The laser station 14 may contain a first laser 44, a second laser 46 and a third laser 48. Each laser 44, 46 and 48 may emit a laser beam with enough energy to weld the parts loaded into the station 14. By way of example, the lasers 44, 46 and 48 may be Nd:YAG type devices. The lasers 44, 46 and 48 are positioned within the station 14 so that the fiber sleeve 34 and package 32 may be welded in a horizontal position. Horizontal welding provides space over the package tooling 38 for the automated handling assembly 12 to move the parts between the laser station 14 and the conveyor 22. Utilizing an automated handling assembly 12 more fully automates the weld process. Automating the process reduces the time and expense required to assemble the parts. Additionally, automated weld processes can increase the accuracy of the weld and the manufacturing yield of the parts.

Referring to FIGS. 5 and 6, the station 14 may include a fiber tooling 50 that can load the fiber 30 and sleeve 34 adjacent to the package 32. The fiber fixture 50 may include a seat 52 that can receive the fiber sleeve 34. The seat 52 can be moved by a pair of actuators 54. The actuators 54 can move the fiber sleeve 34 toward and away from the package 32. The actuators 54 may be of the pneumatic type that are controlled by the computer 16 and a regulator valve (not shown). The computer 16 can control the regulator valve to vary the force exerted by the actuators 54. By way of example, the computer 16 may initially cause the actuators 54 to move the fiber sleeve 34 into abutment with the package 32 with a relatively high force. At another time in the process the computer 16 may vary the regulator so that the actuators 54 apply a relatively light force between the fiber sleeve 34 and the package 32. The light force may be similar to the force of gravity found in vertical weld machines. The actuators 54 may be coupled to a load cell (not shown) or other means for sensing the force applied by the sleeve 34 onto the package 32.

The fiber tooling 50 may include a rotating clamp 56 that can hold the fiber 30 in place. The clamp 56 may be rotated by a pneumatic actuator 58 that is controlled by the computer 16. As shown in FIG. 5, the entire fixture 50 can move as indicated by the arrows by an actuator 60. The actuator 60 is controlled by the computer 16. The actuator 60 moves the arm 50 when the clamp 56 has clamped the fiber 30. The actuator 60 can move the fiber sleeve 34 toward and away from the package 32. As shown in FIG. 6, the fiber tooling 50 may include a stop 62 that limits the movement of the package 32 during a package clamping operation.

Referring to FIGS. 7, 8 and 9, the package tooling 38 may include a yoke 64 that is gimbal mounted to rigid fixture plates 66. The yoke 64 holds a yaw axis which, in turn holds the package tooling 38 and can rotate relative to the plates 66 as shown by the arrows in FIG. 8. The pitch and yaw axis motion allows the package 32 to rotate so that the fiber sleeve 34 is flush with the outer package surface.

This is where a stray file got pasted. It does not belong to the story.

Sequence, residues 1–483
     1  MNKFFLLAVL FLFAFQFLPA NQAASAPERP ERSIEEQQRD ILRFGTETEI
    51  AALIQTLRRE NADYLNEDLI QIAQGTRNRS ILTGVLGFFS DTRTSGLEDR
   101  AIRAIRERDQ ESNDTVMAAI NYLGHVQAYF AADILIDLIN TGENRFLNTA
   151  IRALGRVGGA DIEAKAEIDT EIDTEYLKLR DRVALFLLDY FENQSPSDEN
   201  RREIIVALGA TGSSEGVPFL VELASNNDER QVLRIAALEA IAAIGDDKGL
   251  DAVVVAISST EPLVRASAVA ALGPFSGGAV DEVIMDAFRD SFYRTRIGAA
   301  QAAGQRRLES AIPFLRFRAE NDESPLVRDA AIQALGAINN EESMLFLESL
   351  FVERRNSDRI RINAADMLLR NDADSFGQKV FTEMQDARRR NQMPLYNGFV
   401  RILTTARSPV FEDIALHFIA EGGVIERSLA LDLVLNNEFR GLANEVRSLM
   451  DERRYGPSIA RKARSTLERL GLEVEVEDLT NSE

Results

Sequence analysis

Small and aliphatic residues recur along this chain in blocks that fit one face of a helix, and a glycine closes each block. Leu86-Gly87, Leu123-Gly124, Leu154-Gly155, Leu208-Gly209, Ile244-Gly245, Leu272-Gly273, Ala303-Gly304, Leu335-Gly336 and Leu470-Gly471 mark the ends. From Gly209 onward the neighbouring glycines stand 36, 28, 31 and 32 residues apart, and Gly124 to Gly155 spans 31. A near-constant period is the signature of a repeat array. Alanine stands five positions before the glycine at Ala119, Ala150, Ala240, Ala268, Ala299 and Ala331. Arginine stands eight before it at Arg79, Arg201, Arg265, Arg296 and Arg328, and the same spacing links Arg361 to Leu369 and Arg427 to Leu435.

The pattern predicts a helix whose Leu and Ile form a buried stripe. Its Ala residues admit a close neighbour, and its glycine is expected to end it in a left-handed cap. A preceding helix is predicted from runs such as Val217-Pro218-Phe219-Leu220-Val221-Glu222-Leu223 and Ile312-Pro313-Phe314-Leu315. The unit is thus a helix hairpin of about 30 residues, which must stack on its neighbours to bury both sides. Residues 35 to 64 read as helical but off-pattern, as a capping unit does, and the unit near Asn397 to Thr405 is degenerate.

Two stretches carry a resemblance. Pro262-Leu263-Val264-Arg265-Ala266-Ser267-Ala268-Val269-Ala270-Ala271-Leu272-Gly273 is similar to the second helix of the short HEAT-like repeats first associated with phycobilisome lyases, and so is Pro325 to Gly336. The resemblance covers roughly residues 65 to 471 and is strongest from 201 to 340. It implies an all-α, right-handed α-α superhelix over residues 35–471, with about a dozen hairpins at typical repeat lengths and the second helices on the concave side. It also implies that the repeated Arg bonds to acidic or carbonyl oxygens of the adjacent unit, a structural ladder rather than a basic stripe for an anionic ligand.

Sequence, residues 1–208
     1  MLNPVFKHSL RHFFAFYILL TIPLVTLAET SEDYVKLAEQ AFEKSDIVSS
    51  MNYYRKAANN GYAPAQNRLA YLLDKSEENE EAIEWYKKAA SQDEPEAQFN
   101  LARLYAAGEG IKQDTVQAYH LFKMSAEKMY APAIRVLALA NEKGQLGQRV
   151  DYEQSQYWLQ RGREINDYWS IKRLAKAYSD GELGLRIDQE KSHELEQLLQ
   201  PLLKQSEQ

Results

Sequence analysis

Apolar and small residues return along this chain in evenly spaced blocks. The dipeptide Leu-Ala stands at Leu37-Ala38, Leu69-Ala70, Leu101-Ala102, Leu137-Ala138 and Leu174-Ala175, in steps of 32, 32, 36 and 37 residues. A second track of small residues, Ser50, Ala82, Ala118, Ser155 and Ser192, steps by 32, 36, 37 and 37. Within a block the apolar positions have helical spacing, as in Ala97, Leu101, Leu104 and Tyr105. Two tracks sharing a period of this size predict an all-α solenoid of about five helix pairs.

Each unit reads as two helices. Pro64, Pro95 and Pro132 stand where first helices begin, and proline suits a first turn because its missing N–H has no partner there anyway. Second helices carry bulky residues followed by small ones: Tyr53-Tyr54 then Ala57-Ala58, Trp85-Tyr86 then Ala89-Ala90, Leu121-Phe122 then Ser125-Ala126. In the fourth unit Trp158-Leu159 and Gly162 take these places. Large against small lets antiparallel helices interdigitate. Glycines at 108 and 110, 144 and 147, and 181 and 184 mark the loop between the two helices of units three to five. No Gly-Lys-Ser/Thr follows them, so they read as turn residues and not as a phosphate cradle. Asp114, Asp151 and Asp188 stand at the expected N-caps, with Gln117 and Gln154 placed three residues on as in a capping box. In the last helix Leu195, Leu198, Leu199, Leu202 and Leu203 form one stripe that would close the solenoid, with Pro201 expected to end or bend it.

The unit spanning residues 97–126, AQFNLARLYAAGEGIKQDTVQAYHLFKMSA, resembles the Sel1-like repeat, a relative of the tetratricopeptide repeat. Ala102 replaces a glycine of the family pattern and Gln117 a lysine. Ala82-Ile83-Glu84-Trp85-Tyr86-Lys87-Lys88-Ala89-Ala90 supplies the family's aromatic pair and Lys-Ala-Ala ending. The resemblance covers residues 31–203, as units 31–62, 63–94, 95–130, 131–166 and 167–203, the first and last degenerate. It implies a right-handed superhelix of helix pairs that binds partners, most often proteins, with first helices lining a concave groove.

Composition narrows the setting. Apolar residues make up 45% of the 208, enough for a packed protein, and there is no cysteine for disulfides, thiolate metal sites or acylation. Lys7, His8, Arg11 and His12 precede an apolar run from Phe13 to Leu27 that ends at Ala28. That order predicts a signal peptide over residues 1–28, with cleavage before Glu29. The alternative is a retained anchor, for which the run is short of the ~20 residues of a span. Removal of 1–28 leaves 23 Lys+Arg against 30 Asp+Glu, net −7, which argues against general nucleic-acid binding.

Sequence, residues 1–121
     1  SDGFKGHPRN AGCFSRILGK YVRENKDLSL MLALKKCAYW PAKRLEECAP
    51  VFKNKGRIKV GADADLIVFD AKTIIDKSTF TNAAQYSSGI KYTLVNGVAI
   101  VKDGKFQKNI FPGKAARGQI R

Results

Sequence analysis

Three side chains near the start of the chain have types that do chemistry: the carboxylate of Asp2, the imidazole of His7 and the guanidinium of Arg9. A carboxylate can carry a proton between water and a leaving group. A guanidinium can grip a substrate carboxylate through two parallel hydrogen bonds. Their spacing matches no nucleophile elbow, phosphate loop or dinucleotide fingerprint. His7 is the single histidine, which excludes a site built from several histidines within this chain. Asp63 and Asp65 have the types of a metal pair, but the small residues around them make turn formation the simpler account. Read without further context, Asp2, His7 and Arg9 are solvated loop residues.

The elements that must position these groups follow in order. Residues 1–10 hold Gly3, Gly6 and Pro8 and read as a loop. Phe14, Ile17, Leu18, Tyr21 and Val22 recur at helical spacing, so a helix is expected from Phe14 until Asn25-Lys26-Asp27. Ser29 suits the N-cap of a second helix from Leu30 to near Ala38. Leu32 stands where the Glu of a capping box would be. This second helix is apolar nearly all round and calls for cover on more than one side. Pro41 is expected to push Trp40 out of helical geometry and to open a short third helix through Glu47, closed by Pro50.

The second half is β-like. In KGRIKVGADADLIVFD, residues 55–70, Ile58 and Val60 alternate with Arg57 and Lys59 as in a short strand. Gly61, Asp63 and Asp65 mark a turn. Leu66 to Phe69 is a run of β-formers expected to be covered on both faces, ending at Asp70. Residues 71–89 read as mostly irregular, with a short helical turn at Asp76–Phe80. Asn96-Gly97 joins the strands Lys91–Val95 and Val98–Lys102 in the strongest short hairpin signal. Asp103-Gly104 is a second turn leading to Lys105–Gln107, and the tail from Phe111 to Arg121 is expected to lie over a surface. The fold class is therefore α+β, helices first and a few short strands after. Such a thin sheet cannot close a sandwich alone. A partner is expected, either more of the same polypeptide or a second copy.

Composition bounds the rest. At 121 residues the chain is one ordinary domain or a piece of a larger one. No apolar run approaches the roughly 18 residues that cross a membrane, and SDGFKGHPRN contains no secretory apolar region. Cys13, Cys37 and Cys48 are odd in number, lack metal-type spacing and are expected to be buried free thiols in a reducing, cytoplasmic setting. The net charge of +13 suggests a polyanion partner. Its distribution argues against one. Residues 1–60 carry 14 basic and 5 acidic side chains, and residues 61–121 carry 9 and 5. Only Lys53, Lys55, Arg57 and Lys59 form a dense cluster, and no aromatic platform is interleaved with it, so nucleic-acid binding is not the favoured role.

Because the package 32 is mounted horizontally, gravity may create an imbalance in the gimballed yoke 64. To offset this imbalance the support 66 may include an actuator 67 which exerts a biasing force on the yoke 64. The biasing force balances the gimballed yoke 64 which insures that the package 32 will be nominally perpendicular with the mating face fiber sleeve 34.

The yoke 64 is coupled to the plates 66 by bearings 71. The electrical contacts 40 shown in FIG. 4, can be electrically coupled to the computer 16 through contacts 70. The contacts 70 may be moved into corresponding contacts (not shown) in the bottom of the package tooling 38 during the welding process. The contacts 70 can be moved away from the yoke 64 to allow the package 32 to gimbal and align, more easily, with the fiber sleeve 34. Coupling the computer 16 to the contacts 40 through moving contacts 70 removes mechanical forces and moments created by wires. The moments created by wires complicates the ability to balance the yoke 64. De-coupling the contacts 70 from the yoke 64 during mechanical alignment of the package 32 and sleeve 34 eliminates any imbalances created by the wires attached to the contacts 30. The contacts 70 can be moved toward and away from the yoke 64 by an actuator 72 that is controlled by the computer 16.

The yoke 64 can be locked to the plates 66 by friction bands 74. The bands 74 can be pulled into the yoke 64 by a vacuum pressure created in channels 76 within the yoke walls and the rotary coupling 68. The friction bands 74 are mechanically grounded so that when pulled to the tooling yoke 64 the bands 74 prevent rotation of the yoke 64 relative to the plates 66. The bands 74 can be pulled away from the yoke 64 by a vacuum pressure within channels 78 of the plates 66. The channels 76 and 78 are coupled to a vacuum source (not shown) through an aperture 79 in the rotary coupling 68. The aperture 79 is coupled to a hose (not shown).